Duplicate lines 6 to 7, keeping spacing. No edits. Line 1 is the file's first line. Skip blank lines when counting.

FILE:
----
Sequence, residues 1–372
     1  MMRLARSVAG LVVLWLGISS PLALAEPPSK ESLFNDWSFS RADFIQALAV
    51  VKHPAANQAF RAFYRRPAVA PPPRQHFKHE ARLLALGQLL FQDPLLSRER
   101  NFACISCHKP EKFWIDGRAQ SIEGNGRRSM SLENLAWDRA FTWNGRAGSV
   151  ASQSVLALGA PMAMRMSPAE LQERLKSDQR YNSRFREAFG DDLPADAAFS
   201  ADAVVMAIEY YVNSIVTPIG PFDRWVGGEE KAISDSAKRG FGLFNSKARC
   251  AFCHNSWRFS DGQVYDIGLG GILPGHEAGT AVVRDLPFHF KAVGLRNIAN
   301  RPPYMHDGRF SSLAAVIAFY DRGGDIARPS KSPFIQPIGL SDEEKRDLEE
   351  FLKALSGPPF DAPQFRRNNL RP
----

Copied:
   201  ADAVVMAIEY YVNSIVTPIG PFDRWVGGEE KAISDSAKRG FGLFNSKARC
   251  AFCHNSWRFS DGQVYDIGLG GILPGHEAGT AVVRDLPFHF KAVGLRNIAN